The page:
I don't think there's a greater Fourth of July speech than Frederick Douglass' 1852 address, "What to the slave is the Fourth of July?" The titular passage is the most-searing indictment of precisely the sort of cheap and easy American exceptionalism that continues to clot political rhetoric with the phoniest sort of patriotism: What, to the American slave, is your 4th of July? I answer: a day that reveals to him, more than all other days in the year, the gross injustice and cruelly to which he is the constant victim. To him, your celebration is a sham; your boasted liberty, an unholy license; your national greatness, swelling vanity; your sounds of rejoicing are empty and heartless; your denunciations of tyrants, brass fronted impudence; your shouts of liberty and equality, hollow mockery; your prayers and hymns, your sermons and thanksgivings, with all your religious parade, and solemnity, are, to him, mere bombast, fraud, deception, impiety, and hypocrisy—a thin veil to cover up crimes which would disgrace a nation of savages. There is not a nation on the earth guilty of practices, more shocking and bloody, than are the people of these United States, at this very hour. Contemporary conservatives especially recoil from this sort of auto-critique that is in fact one of the most unique facets of our national identity. Even before the United States was a nation, figures such as Samuel Sewall (one of the judges in the Salem witchcraft trials who recanted his actions, wore sackcloth and ashes in penance, and authored the first anti-slavery tract in the colonies) and Roger Williams (the religious dissenter who first articulated a theory of fully secular government in English and is the subject of this brilliant biography) excoriated the my-country-right-or-wrong mentality that is hardly specifically American. Sure, there is something grotesque about intergalactic "apology tours" that never seem to right past wrongs or change future policy, but as the constantly shifting valorization of dissent reminds us, partisan politics is a weak foundation upon which to rely for moral standing. Contemporary liberals loved dissent under Bush, found it unpatriotic under Obama, and now with Donald Trump in the White House, are busy rebranding themselves as "the Resistance." Conservatives simply reverse the process. In pre-abolition America, Douglass was of course specifically addressing slavery, a national original sin so monstrous that he notes its justification is elided in the founding document of the United States. The Constitution is a "glorious liberty document," he notes. But "if the Constitution were intended to be, by its framers and adopters, a slave-holding instrument," Douglass asks rhetorically, "why [is] neither slavery, slaveholding, nor slave...anywhere...found in it"? Yet for the all fury that courses through Douglass' lecture, he "do[es] not despair of this country." Instead, he paints a picture of globalization, interconnectedness, and progress toward more expansive freedom that resonates well over a century after he first spoke it: While drawing encouragement from the Declaration of Independence, the great principles it contains, and the genius of American Institutions, my spirit is also cheered by the obvious tendencies of the age. Nations do not now stand in the same relation to each other that they did ages ago. No nation can now shut itself up from the surrounding world, and trot round in the same old path of its fathers without interference. The time was when such could be done. Long established customs of hurtful character could formerly fence themselves in, and do their evil work with social impunity. Knowledge was then confined and enjoyed by the privileged few, and the multitude walked on in mental darkness. But[...]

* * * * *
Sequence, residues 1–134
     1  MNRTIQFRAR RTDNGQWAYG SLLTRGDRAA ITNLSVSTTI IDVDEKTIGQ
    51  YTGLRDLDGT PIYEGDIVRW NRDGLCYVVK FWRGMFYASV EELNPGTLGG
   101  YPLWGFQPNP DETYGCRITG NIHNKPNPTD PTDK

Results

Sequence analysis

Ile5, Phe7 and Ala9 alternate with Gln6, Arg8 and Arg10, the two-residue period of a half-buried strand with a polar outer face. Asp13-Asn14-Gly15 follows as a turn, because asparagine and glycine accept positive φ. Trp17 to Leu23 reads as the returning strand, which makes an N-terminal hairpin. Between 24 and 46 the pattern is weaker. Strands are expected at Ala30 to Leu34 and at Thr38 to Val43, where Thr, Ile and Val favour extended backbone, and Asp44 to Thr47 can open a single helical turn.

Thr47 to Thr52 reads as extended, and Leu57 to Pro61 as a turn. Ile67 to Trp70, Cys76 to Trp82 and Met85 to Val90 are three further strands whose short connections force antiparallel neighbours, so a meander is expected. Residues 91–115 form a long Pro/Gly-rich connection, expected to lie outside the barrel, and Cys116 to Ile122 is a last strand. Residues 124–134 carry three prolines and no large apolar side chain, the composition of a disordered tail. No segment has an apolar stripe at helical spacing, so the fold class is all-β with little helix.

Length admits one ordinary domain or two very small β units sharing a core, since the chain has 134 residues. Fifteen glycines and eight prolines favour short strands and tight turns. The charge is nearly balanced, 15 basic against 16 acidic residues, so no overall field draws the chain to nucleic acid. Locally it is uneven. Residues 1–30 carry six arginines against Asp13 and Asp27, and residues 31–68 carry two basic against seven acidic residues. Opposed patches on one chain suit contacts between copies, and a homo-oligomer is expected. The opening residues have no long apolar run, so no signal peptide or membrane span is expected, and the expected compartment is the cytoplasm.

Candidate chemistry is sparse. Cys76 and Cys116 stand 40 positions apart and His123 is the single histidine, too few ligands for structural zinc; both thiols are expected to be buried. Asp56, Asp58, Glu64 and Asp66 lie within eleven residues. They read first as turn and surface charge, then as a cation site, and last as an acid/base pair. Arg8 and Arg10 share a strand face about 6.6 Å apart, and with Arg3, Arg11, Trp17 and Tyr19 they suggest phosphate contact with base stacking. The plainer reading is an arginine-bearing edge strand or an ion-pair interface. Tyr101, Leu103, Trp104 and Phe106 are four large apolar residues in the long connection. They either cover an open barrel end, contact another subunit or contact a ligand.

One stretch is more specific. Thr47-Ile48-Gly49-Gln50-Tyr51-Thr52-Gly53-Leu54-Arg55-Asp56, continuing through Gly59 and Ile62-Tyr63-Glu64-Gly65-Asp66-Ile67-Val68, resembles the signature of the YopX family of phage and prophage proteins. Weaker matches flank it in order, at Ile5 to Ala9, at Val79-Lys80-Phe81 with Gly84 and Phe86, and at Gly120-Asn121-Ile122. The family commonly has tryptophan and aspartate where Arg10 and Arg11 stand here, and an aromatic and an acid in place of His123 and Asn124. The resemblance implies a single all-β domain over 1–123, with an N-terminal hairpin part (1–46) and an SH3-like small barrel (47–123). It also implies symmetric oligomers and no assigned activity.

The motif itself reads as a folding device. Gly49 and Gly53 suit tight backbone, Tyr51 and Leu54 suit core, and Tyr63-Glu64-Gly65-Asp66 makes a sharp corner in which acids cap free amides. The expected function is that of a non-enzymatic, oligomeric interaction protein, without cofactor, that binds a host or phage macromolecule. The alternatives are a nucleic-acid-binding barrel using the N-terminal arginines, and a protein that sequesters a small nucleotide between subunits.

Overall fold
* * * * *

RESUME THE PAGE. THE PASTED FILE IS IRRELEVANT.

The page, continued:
Is Libertarianism a 'Stealth Plan' To Destroy America?